If you’ve been reading this blog for awhile, you’ve probably noticed that accepting uncertainty is a a recurring theme when it comes to Agile and agility. While it’s never stated outright as a “value” in either the Agile Manifesto or the Twelve Principles of Agile, the concept itself underlies many of the points made in those documents. In my opinion, it’s the primary cultural distinction between organizations that still cling to the old, outdated “waterfall” approaches. Waterfall creates a false sense of security by defining everything possible up-front. Agile accepts that we don’t always know everything, and that new information will not only be discovered, but might alter the path. Here are a few specific reasons why accepting uncertainty is essential for teams to be successful.
One of the primary things that Product Managers are constantly working on is change — changing the way people view our customers, changing the way our customers view our product, changing the culture of our company to be more agile, changing peoples’ minds about what’s important and what’s not…the list goes on and on. And, not surprisingly, nearly every Product Manager eventually comes to the realization that change is hard. I mean really, really hard. And sometimes it seems like even the smallest changes are the hardest to get people to commit to and deliver on a regular basis. So why is change so hard? Here are a few of the common reasons…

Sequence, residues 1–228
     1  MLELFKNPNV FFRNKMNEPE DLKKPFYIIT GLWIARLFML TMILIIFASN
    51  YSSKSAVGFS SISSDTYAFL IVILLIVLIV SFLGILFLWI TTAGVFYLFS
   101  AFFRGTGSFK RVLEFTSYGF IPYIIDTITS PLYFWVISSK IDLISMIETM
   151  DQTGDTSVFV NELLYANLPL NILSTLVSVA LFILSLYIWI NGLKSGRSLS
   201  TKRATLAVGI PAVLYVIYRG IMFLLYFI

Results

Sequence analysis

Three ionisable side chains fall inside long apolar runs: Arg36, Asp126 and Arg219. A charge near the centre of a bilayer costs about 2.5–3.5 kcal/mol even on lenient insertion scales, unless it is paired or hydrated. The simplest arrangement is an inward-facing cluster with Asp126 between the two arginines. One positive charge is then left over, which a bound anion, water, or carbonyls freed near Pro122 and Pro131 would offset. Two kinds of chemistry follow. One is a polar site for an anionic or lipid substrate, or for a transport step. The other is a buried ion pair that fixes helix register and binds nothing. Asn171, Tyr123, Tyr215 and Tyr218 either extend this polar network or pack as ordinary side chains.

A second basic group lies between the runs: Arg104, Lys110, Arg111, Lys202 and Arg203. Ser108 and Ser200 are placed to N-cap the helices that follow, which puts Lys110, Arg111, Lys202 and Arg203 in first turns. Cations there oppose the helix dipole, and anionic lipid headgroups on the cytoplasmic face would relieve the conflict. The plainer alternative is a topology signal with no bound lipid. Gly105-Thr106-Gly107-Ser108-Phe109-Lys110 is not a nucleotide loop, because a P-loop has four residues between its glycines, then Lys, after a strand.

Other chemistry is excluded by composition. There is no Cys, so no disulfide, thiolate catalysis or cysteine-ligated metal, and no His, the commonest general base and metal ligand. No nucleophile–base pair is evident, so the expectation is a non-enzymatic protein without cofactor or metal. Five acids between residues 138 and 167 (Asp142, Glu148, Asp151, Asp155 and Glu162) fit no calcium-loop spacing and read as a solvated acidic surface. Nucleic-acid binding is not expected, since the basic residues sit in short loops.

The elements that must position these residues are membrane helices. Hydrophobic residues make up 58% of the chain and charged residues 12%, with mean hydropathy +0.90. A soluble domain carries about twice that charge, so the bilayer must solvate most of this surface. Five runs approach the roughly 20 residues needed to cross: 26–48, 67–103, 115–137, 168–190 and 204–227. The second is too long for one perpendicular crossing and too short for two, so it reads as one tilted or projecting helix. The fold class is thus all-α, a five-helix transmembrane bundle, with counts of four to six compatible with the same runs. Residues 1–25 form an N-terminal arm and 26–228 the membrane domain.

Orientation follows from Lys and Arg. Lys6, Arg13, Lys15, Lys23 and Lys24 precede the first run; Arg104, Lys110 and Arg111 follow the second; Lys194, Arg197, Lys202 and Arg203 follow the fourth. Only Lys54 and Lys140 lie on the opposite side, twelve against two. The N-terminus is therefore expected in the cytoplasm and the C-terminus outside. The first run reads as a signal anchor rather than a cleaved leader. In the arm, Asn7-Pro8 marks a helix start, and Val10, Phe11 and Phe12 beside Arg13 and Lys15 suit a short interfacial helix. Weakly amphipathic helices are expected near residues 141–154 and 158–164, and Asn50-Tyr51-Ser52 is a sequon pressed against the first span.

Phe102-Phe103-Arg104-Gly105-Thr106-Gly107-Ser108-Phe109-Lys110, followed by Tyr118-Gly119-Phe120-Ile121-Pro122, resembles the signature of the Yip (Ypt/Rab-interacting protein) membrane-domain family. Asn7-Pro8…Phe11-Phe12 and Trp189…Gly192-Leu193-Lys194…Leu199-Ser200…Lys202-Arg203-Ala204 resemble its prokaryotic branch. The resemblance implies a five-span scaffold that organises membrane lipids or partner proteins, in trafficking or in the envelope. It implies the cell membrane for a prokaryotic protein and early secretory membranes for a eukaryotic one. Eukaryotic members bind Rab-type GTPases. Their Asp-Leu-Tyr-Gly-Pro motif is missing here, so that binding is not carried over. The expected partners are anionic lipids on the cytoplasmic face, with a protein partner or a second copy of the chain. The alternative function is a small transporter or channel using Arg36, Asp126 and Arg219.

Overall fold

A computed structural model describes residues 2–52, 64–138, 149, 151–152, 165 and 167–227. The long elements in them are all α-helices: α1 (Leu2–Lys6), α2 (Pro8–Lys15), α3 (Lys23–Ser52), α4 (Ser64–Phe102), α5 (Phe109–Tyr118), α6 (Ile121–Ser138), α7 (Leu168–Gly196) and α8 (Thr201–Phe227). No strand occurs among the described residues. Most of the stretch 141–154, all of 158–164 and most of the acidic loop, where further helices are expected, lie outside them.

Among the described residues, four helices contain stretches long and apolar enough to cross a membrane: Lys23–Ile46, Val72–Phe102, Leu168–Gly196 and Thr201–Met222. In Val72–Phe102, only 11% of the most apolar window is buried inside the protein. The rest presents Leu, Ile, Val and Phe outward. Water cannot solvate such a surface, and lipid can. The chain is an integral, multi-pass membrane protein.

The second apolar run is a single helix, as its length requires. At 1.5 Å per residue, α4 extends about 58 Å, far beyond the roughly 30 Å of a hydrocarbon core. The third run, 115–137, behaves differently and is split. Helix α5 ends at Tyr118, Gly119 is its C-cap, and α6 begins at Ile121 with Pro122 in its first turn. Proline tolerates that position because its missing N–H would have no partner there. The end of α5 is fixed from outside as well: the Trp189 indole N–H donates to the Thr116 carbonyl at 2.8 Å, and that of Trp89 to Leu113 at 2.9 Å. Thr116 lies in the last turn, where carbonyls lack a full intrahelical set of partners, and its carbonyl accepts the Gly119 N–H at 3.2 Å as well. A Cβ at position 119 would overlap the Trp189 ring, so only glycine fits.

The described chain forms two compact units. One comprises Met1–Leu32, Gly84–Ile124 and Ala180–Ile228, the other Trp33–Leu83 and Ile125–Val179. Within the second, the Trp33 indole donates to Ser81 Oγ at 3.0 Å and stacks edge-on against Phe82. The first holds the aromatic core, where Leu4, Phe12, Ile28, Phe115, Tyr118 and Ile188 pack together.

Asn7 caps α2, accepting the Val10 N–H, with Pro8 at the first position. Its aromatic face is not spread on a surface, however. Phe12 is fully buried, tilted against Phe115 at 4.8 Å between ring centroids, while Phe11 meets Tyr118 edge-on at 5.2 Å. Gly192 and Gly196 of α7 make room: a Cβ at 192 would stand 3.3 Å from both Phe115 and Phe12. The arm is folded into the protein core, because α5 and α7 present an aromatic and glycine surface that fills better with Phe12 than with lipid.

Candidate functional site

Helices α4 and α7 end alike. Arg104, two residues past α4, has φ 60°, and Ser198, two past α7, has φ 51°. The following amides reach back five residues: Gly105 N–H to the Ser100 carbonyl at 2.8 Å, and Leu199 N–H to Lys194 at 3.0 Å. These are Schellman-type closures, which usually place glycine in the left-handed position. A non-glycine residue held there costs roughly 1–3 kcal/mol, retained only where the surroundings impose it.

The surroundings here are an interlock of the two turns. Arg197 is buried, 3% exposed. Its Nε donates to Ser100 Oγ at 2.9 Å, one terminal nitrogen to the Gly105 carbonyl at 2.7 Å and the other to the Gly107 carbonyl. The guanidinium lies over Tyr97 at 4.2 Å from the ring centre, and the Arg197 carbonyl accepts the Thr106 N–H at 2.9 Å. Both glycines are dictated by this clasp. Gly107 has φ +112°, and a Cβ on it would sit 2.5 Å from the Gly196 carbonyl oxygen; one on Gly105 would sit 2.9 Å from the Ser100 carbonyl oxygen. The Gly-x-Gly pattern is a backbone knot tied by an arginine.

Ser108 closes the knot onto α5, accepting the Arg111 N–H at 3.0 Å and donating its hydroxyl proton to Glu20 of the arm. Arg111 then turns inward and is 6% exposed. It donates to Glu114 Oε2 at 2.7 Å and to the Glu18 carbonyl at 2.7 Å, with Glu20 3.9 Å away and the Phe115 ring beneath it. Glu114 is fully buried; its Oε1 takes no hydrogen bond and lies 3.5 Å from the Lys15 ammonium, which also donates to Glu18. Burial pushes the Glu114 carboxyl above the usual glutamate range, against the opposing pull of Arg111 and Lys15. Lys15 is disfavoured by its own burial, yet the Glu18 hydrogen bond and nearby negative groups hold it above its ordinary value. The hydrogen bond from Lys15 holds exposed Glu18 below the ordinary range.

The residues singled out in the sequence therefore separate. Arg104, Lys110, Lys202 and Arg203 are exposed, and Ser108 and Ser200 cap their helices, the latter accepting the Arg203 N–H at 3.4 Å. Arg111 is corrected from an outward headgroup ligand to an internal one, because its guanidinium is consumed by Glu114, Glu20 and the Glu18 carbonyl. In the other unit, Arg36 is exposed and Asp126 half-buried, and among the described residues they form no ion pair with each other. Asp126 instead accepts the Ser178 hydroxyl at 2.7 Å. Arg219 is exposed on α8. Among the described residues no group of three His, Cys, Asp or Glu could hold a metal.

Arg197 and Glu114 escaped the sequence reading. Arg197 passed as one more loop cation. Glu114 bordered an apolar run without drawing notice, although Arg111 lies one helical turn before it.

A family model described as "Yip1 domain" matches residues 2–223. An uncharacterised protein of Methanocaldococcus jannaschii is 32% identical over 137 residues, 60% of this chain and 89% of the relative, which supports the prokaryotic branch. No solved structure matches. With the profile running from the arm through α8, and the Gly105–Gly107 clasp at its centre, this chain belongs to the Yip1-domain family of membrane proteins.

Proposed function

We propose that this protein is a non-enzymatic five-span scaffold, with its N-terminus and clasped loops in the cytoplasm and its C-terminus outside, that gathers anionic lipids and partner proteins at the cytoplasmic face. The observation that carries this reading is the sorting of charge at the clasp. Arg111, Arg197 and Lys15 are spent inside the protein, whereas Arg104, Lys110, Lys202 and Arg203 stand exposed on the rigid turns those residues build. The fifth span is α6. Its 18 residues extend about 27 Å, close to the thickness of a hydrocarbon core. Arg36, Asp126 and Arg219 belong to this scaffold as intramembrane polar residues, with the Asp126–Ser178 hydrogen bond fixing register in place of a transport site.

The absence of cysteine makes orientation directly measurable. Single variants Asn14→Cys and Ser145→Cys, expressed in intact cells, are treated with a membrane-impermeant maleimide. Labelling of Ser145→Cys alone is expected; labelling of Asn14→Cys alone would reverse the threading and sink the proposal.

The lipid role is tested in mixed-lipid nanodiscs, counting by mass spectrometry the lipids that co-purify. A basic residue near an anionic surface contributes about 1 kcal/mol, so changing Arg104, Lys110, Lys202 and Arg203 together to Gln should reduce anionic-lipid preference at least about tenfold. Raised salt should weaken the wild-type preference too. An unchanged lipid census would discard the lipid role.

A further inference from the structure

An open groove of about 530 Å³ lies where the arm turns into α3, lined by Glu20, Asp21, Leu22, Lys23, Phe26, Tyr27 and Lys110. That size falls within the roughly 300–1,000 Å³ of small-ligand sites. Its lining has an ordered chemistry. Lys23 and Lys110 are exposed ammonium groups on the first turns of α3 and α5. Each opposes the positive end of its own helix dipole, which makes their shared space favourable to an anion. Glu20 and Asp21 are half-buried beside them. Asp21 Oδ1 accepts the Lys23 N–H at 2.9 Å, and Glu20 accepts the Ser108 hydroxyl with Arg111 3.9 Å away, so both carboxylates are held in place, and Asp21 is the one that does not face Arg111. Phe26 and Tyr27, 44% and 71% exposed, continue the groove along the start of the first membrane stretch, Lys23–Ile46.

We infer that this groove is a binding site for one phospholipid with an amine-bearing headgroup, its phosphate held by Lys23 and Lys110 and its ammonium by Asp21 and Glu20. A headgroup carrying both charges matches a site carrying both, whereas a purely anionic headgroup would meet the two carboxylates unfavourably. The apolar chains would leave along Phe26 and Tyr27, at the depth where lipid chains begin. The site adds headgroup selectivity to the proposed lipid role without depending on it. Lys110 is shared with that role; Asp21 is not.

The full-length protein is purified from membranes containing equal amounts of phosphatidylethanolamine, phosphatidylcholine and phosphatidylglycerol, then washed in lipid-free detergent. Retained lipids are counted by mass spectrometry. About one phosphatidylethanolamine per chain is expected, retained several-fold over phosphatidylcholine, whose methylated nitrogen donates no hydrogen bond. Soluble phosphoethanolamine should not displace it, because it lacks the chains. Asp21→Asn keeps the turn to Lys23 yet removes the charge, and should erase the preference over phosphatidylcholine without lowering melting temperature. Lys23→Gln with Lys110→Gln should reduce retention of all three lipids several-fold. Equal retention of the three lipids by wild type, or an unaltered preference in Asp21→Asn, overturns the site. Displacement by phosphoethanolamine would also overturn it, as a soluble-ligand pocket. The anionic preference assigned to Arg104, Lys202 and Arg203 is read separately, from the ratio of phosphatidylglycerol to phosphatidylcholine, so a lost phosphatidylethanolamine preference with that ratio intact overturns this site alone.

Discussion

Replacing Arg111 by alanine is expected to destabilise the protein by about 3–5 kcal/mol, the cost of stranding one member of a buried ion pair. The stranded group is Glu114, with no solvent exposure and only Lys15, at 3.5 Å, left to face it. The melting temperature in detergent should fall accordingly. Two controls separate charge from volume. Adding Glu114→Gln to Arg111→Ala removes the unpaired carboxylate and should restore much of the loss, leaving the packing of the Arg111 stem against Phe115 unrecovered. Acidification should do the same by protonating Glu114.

One of the most fundamental requirements to be a great Product Manager is getting outside the four walls of your office and engaging with your market, your prospects, and your customers directly. Unfortunately, in all too many companies, this is more difficult than it should be, if not utterly impossible. This is usually blamed on too many in-person meetings, too little budget, or just all-around too little time to step outside and engage directly with the people using your product. But it’s a simple fact that the only way that you’re going to uncover the best ideas, the hidden problems that will separate you from your competition, and establish the rapport that you need to validate the solutions that your teams come up with as quickly and cheaply as possible. Here are some ideas for you to consider when you’re trying to figure out how to get outside and engage with your market!
Asking for Forgiveness is Better than Permission
Remember, it’s your job to keep your finger on the pulse of your market. It’s your job to dig deep and uncover unspoken needs that you can use as fuel for innovation. It’s your job to seek out people who can give you valuable feedback, who can tell you all of their problems and issues, and who will honestly review and validate your proposed solutions.
Do you apologize for doing your job? I hope not!
So you shouldn’t apologize for figuring out when and where to insert yourself into the work that other teams are doing. Or for poking around to figure out when, where, and how those teams engage with the market and your customers. The key is to figure out what it is that you offer the other teams — what value you add to their conversations. Maybe your sales team needs someone more technical on-hand to answer specific questions or to run demos for their prospects? Maybe your marketing team needs an extra eye on the copy that’s about to go out. Maybe your support or services teams need some hands-on assistance with customer issues or integration/launch work.
All of these are things to keep an eye on, and doors that you can use to open your engagement with the market…